February 25, 2013

“Do As I Say”
Philippians 3:17-4:1

There were problems in the church in Philippi. You can never be sure what the root of the problem is in any community. What we do know is that there were some people there who the pastor there identifies as ‘enemies of the cross of Christ.’ I suppose that no Christian leader should engage in name calling, but there you have it. It appears as though these rascals have aligned themselves with a way of behaving that is in opposition to the self-giving, obedience, and sufferings connected with the life and death of Jesus.

We are getting all of this second-hand of course, just like we always do. Once group disagrees with another group and characterizes the first group in a particular way. It would be helpful if Paul would give us more information, if what he wants us to do is side with him and oppose these so-called enemies. But, the charge is too vague and the assessment to broad to narrow it down.

It is hard to tell what is going on here! If someone’s “god is the belly,” does that mean that they are saying ‘eat whatever you want?’ It may be that. Some people might be saying that despite all of the centuries of the teaching of the Torah, go ahead, order a cheeseburger. Have a shrimp cocktail. Even though you would like to count yourself among those people who understand themselves as God’s people and who circumscribe a boundary around themselves and the rest of the world by saying no to some things and yes to others, go ahead, enjoy that pork chop…because it tastes good. If it tastes good, it must be ok, right?

It may be the opposite situation, I don’t know. It may be that these ‘enemies of the cross’ are so concerned about keeping the boundaries clear that they have missed the point of the boundaries in the first place.

It is a little unsettling, really, that there was this disagreement. I know that just because some people decide to say yes when they are asked if this Jesus of Nazareth is the Christ does not mean that they are all going to agree on the issues around the Keystone pipeline or if we should allow powdered donuts at the fellowship hour. But the argument here is about matters that define them, over and against other people who do not make this claim.

I have heard it said that (Richard Swanson) “Herod (in any century) has always found allies among people of faith” (Provoking the Gospel of Luke). We remember, for example, that “good” Christians used the Bible to justify slavery not so long ago, and today make decisions for the sake of things like “national security” (remember the fear of insecurity in Herod?) that would make Jesus weep over us in anguished lament. We should remember, then, that “Lent is a time to take seriously the ways we livethat are signs of death rather than of life, the ways we steal from the earth and from others rather than sprout from it,” a beautiful image in a church season named after “spring.”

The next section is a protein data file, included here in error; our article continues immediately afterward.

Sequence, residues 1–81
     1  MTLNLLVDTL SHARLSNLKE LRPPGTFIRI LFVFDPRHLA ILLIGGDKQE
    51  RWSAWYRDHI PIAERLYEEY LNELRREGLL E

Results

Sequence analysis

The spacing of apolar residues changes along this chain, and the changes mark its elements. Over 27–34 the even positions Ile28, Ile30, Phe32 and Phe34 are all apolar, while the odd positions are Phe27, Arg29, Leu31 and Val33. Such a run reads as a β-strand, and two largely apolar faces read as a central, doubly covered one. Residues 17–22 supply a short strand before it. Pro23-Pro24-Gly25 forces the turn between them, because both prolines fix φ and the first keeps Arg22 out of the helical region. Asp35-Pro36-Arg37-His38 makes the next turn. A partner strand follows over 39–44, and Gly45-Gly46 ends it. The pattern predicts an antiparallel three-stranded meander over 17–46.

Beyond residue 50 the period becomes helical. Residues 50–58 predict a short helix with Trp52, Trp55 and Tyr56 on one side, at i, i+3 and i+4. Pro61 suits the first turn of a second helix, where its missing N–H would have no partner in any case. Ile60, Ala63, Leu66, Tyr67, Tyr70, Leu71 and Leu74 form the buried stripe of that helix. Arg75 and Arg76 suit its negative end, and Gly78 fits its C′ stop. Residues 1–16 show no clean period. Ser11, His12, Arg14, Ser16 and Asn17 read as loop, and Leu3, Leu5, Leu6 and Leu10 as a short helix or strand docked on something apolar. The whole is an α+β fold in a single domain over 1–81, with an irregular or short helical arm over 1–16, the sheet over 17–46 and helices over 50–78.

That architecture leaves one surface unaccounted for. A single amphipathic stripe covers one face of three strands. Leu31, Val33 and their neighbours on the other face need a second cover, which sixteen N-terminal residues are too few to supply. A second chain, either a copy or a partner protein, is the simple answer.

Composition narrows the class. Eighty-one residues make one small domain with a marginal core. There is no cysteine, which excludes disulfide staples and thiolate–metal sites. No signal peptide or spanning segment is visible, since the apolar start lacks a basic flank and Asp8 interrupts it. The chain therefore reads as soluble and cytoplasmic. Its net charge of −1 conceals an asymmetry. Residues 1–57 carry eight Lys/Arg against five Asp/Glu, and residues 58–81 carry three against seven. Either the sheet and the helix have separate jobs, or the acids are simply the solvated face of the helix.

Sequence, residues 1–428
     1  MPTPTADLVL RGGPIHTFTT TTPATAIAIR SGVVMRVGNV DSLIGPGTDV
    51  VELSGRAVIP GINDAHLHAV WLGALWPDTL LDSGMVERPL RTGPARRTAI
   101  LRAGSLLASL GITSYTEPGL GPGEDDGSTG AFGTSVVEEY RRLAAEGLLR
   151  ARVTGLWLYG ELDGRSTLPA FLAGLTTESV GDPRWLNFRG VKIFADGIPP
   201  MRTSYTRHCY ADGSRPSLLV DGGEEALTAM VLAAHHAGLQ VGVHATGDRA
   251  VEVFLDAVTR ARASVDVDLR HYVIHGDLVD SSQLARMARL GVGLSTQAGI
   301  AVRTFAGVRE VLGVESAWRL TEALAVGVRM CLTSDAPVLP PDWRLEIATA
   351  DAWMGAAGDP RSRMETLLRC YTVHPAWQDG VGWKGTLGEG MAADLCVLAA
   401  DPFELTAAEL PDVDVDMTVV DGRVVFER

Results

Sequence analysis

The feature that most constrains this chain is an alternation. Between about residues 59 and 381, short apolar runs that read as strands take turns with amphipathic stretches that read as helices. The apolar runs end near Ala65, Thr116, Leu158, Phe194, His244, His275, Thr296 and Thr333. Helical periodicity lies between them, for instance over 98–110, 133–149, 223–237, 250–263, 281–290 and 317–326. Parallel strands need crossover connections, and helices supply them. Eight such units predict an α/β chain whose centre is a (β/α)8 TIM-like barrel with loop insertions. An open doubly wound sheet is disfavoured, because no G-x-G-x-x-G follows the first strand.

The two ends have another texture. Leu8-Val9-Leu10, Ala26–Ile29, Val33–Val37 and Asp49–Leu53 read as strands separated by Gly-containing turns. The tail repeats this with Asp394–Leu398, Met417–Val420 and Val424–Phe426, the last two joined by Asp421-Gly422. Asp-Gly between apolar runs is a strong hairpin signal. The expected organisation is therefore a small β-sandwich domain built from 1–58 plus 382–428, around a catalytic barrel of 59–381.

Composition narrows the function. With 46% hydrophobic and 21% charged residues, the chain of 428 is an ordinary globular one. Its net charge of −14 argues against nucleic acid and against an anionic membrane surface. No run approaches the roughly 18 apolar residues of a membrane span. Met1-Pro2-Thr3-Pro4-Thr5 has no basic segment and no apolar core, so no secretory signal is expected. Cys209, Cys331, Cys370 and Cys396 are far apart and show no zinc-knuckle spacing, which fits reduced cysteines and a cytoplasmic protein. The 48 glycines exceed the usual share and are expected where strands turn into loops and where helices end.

There is an old adage: “she is so heavenly minded that she is no earthly good.” Paul’s point, however, is that we must be heavenly minded if we are to be any earthly good. To enact our heavenly citizenship is to follow the example of Christ as modeled in Paul, acting in humility and self-sacrificial service to others. As citizens of heaven, we live in a foreign land where self-aggrandizement and self-satisfaction are prized.

I was thinking about being a welcoming church. And I was imagining that there would be people come who don’t have any experience of church, and maybe there would be others who come whose experience was from so long ago that they just don’t remember. They might ask, how often should I go to church, or what kind of sevice they should get involved with. Maybe they will even ask how much they should give, or, must I really eat fish on Friday in Lent. They are asking you to just tell them what to do. I get these same questions from time to time.

The Famous preacher Fred Craddock has quoted this poem, “der ikker” in Yiddish, which means the main thing in English. And it is worth repeating today.

If your outlook
on things has changed –
this is not the main thing.

If you feel like laughing
at old dreams –
this is not the main thing.

If you recall errors
of which you are ashamed –
this is not the main thing.

Even if you know
that, what you are doing now,
you’ll regret some other time –
this is not the main thing either.

But beware lightheartedly
to conclude from this
that there is no such thing
as a main thing –
this is the main thing.

-Hirsch Oscherovitch

And some will ask, what is the main thing? I think you know. You can tell them many things. Theology. Liturgical practices. How much to give to the church I suppose. In a way, I hope that you don’t tell them anything. Let them figure it out by how you live.

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